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The DREAMseq trial appears to provide convincing data that treatment order—with immunotherapy first over targeted therapy—leads to survival benefits.
New research leveraging machine learning has identified novel predictive biomarkers of response to immune checkpoint inhibitor (ICI) therapy for melanoma.
A team from the Netherlands Cancer Institute in Amsterdam have shown for the first time in a randomized, controlled trial that cell therapy can delay disease progression in patients with advanced melanoma when compared with standard immunotherapy.
In a paper published in Nature Cell Biology, researchers at Sanford Burnham Prebys have shown for the first time that inhibiting a key metabolic enzyme selectively kills melanoma cells and stops tumor growth.
Using a preclinical model, researchers have described key features of a gene mutation responsible for 15% to 20% of all melanomas.
Metastases from primary cancer tumors may remain dormant in distant tissues for many years or decades before they re-emerge and grow new tumors.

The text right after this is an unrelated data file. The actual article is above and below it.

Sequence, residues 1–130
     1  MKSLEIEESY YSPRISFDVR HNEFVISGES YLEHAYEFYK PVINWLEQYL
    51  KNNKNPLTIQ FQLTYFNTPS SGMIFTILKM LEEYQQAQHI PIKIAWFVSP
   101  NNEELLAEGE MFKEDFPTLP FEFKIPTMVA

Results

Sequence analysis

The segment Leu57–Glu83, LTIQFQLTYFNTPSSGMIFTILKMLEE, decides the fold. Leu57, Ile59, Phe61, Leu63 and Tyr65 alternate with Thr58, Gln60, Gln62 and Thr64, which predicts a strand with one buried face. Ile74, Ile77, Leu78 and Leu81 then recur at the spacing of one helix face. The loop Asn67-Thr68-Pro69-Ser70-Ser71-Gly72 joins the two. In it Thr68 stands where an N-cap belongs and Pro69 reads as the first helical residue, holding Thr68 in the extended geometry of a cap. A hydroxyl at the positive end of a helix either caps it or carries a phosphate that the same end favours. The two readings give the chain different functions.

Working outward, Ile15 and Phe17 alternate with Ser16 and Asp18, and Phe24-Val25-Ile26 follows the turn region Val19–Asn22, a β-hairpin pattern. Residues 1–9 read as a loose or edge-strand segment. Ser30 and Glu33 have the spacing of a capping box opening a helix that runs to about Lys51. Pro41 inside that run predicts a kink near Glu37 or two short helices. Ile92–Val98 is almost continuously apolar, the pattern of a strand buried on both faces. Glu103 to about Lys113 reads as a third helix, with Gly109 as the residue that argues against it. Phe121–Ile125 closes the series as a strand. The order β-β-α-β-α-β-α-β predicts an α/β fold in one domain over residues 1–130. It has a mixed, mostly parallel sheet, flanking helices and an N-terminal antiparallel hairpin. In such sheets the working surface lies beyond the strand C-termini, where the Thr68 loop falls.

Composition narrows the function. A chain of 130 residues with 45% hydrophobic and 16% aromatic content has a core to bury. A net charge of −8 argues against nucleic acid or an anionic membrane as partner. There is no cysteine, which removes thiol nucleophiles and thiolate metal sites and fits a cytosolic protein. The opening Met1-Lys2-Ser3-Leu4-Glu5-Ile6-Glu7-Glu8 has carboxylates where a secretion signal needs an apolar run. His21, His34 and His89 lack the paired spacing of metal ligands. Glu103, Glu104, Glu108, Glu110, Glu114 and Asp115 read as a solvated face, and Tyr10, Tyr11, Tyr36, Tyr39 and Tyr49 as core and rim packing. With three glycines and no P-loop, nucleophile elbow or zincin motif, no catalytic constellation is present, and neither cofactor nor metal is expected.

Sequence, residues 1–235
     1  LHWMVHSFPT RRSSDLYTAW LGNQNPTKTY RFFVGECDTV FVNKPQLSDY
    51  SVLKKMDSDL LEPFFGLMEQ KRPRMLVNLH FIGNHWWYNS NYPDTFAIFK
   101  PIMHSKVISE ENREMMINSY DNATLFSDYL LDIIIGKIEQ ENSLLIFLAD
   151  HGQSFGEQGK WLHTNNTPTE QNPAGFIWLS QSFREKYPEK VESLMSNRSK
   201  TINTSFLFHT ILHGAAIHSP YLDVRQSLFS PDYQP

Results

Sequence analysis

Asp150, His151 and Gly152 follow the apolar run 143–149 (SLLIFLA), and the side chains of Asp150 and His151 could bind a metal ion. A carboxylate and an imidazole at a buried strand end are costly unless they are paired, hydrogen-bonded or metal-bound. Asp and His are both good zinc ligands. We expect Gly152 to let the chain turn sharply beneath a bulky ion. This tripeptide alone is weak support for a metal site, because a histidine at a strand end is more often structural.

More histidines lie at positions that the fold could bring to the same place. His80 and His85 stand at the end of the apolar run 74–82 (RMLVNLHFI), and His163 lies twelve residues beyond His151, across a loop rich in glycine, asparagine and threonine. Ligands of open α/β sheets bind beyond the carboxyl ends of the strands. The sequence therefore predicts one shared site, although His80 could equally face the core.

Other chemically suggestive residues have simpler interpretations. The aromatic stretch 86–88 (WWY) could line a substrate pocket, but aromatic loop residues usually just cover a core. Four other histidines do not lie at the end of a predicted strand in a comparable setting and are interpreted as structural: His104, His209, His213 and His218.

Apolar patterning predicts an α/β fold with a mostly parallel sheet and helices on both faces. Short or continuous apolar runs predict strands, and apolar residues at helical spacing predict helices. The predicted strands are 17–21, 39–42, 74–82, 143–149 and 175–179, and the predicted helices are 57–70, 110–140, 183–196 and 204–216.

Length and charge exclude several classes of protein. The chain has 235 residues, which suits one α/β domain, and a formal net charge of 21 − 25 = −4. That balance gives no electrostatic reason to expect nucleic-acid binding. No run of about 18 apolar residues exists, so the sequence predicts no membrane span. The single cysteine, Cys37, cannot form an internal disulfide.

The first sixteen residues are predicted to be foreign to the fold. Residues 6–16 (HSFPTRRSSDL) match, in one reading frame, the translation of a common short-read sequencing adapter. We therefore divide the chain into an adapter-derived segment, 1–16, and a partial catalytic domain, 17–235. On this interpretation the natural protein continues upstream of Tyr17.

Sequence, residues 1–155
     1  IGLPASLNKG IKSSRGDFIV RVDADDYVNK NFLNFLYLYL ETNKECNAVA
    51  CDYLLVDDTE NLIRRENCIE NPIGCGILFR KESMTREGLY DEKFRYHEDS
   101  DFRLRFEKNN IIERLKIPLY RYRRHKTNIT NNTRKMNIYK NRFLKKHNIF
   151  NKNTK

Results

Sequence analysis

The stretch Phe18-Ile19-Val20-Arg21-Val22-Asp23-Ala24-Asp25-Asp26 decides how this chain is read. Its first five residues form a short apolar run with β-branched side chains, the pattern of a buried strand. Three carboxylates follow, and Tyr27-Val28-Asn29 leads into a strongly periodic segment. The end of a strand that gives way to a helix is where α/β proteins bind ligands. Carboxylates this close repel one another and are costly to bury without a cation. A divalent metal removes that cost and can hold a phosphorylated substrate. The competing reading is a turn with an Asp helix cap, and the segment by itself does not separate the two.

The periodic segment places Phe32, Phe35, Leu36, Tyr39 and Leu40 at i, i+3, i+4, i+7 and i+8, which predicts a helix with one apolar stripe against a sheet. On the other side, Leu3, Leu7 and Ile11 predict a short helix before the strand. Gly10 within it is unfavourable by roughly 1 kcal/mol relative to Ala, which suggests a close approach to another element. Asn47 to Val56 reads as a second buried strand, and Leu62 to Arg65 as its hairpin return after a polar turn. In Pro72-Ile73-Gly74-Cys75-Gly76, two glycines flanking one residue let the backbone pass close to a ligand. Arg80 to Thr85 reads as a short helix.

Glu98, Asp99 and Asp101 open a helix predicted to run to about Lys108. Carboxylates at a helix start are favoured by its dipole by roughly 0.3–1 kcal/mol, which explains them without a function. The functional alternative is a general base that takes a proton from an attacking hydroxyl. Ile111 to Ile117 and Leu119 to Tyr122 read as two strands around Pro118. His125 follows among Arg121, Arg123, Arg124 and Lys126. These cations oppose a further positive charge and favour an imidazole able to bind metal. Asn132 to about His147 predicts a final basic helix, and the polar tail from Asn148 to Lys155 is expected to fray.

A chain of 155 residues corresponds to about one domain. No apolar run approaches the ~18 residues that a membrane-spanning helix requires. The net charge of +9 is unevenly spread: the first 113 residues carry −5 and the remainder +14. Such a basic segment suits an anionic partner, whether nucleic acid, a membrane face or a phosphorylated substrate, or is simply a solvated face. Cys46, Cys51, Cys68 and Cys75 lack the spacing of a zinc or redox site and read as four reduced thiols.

Cancer has been considered a disease of the genome. Recent studies, however, have begun to show the importance of the tumor's local microenvironment that nurtures and sustains these cells.
Research from the University of Michigan shows that a microfluidic device can detect circulating melanoma cells in blood, which could be used to diagnose and monitor the treatment of melanoma patients following further validation.
Researchers have created spatial maps of melanoma that show how individual cells interact as the cancer progresses. The maps reveal details of how melanoma suppresses the immune system as it takes over.
The FDA has approved the use of the anti-lymphocyte-activation gene (LAG)-3 agent relatlimab in combination with the anti-programmed death (PD)-1 drug nivolumab for patients with treatment-naïve advanced melanoma.